• THE RAMAT GAN-based Bolton advertising and public relations agency has published a list of the 100 most influential haredim. Surprisingly, it includes a number of women, one of whom is Channel 2 broadcaster Sivan Rahav Meir. Barely 25, Meir, who is about to give birth to her second child, is in high demand as a speaker and moderator of serious debates on a variety of subjects. She also finds time to write books and articles with her husband, Yedidia Meir, who is also a broadcaster. Another woman on the list is Zvia Leviev Alazorov, 29, the daughter of business tycoon Lev Leviev, whose name also appears in the 100. Alazarov, who has a degree in business administration from Bar-Ilan University, sits on the board of Africa Israel Investments Ltd., and is the acting chair of Anglo-Saxon Real Estate. She is also the marketing director of Africa Israel's residential division. Aside from that, she's involved in a number of charities and also runs a household. Among the other women listed are: Yehudit Yosef, the daughter-in-law and housekeeper of Shas spiritual mentor and former Sephardi Chief Rabbi Ovadia Yosef and the sister of former Shas spokesman Yitzhak Sudry; veteran Yediot Aharonot journalist Shoshana Chen, whose incisive investigative reporting in the paper's financial pages is widely respected; dietician Ruhama Elboim, who has influenced numerous haredi women to eat properly and lose weight; Tzippi Yishai, the wife of Shas leader Eli Yishai, who is also listed; and Yaffa Deri, the wife of former Shas leader Arye Deri, who, though he no longer holds any official position, continues to wield considerable influence. Yaffa Deri is well known for her work on behalf of the needy. The list also includes such well-known haredi figures as Knesset Finance Committee Chairman Ya'acov Litzman; Dudi Zilbershlag, founder of the Meir Panim philanthropic organization which inter-alia runs a chain of soup kitchens across the country; and former MK, journalist, broadcaster and spokesman for the Belzer Rebbe, Israel Eichler. The list has caused a great deal of controversy in the haredi community - presumably more with regard to who was excluded, rather than who was included.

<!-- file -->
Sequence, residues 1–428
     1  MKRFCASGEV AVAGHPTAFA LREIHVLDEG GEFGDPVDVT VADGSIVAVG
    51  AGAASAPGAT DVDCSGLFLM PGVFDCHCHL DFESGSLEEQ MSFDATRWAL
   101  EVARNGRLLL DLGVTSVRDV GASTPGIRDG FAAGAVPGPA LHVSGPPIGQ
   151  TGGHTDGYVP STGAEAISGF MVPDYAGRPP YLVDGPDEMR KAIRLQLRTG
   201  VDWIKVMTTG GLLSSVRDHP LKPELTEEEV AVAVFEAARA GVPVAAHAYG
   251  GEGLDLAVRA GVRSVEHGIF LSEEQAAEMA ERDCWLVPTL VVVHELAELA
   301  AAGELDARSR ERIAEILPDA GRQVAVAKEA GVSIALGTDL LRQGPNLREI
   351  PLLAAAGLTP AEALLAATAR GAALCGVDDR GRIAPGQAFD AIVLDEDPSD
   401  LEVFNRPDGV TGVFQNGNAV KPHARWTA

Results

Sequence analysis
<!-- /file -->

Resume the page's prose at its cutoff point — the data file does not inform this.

• ALSO THE subject of controversy among haredim is David Assaf's book, Caught in the Thicket: Chapters of Crisis and Discontent in the Hassidic World. Assaf, who holds the chair in the department of Jewish History at Tel Aviv University, has not disclosed any new scandals, but has unearthed a few that were swept under the Hassidic carpet. Some of these not-so-pleasant stories relate to the progeny of very famous rabbis, whose disciples would prefer that the stories - some of which are not only decades, but centuries old - would remain forgotten. Assaf's revelations have excited a spate of angry and unhappy reactions on the Internet.